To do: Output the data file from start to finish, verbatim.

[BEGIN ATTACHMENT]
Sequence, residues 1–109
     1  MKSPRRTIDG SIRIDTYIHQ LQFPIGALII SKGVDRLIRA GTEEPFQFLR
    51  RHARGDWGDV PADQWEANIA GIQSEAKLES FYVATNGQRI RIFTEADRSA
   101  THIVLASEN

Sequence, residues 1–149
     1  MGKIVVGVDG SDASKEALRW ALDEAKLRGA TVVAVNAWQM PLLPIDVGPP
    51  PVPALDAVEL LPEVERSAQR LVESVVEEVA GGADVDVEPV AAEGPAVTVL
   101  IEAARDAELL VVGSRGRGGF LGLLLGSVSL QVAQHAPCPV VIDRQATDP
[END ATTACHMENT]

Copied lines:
Sequence, residues 1–109
     1  MKSPRRTIDG SIRIDTYIHQ LQFPIGALII SKGVDRLIRA GTEEPFQFLR
    51  RHARGDWGDV PADQWEANIA GIQSEAKLES FYVATNGQRI RIFTEADRSA
   101  THIVLASEN

Sequence, residues 1–149
     1  MGKIVVGVDG SDASKEALRW ALDEAKLRGA TVVAVNAWQM PLLPIDVGPP
    51  PVPALDAVEL LPEVERSAQR LVESVVEEVA GGADVDVEPV AAEGPAVTVL
   101  IEAARDAELL VVGSRGRGGF LGLLLGSVSL QVAQHAPCPV VIDRQATDP